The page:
We may well ask why there should be a fear of independent historical writing. The reasons behind the fear need investigation. Reducing history to the lowest and most doubtful common denominator means that this is not only an attempt to wreck the discipline, but has wider social implications. Since the earlier textbooks are dismissed because they are said to be not only Marxist in their orientation but also anti-national, an understanding of this allegation has to begin by briefly reviewing the history of nationalisms in India.
Nationalisms sometimes require a demarcation between the Self and the Other through constructing narratives that define each. These are not permanent categories but are projected as such. The reformulation of cultural idioms creates a contest over who does the reformulating and with what intention. Defining the Self and the Other is a complex process and inevitably varies in time and in the requirements of the particular nationalism. It is also worth investigating the point at which the Other becomes the Enemy.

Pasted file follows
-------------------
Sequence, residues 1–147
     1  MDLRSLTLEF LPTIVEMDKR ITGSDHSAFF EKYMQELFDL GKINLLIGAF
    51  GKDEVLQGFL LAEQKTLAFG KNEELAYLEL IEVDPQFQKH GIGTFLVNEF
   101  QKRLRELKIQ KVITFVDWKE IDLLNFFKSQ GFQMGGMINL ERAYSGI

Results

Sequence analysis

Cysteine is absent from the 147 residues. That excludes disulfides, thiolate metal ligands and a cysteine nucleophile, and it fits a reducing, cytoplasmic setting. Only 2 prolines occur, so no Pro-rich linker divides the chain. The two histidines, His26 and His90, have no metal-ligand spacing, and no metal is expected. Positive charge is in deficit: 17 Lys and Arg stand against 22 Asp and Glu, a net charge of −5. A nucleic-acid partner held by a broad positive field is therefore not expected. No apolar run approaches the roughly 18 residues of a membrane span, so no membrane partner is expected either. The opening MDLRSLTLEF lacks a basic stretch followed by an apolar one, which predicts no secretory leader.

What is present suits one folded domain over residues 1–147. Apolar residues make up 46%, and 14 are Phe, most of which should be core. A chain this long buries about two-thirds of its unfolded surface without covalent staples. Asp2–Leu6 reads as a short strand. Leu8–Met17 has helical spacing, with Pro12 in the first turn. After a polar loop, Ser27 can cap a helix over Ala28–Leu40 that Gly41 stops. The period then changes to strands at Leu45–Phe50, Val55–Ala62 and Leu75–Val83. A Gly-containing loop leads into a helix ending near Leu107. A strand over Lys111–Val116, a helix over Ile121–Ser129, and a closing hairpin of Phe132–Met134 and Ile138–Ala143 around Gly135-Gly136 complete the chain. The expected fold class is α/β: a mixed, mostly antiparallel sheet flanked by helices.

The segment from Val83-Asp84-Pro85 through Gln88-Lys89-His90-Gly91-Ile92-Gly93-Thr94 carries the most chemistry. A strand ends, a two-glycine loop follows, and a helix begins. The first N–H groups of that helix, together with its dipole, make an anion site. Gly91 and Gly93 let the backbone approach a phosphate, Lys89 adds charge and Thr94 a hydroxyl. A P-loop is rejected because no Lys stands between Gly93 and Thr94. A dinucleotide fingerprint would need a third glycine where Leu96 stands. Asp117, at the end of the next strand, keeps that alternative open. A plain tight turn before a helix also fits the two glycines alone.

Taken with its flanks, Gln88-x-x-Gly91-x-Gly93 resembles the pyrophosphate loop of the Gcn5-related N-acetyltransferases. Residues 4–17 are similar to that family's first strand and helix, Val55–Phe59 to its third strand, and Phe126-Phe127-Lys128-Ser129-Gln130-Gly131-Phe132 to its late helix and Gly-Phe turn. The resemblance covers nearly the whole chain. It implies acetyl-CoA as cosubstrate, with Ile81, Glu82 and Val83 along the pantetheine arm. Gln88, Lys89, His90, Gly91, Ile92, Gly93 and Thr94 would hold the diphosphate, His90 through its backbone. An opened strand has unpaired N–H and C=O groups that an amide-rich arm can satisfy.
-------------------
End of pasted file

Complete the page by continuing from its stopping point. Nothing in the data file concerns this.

Colonial societies, emerging from colonial experience and its policies, have known more than a single nationalism. In India there were two recognizable forms, generally distinct but occasionally over-lapping. One was inclusive nationalism dating from the late nineteenth century. This kneaded together the segments of Indian society and opposed colonial power. For this anti-colonial nationalism, the Other - the one to be contested - was the colonial power. The focus was on the sovereignty of an Indian identity, based on democratic and secular institutions.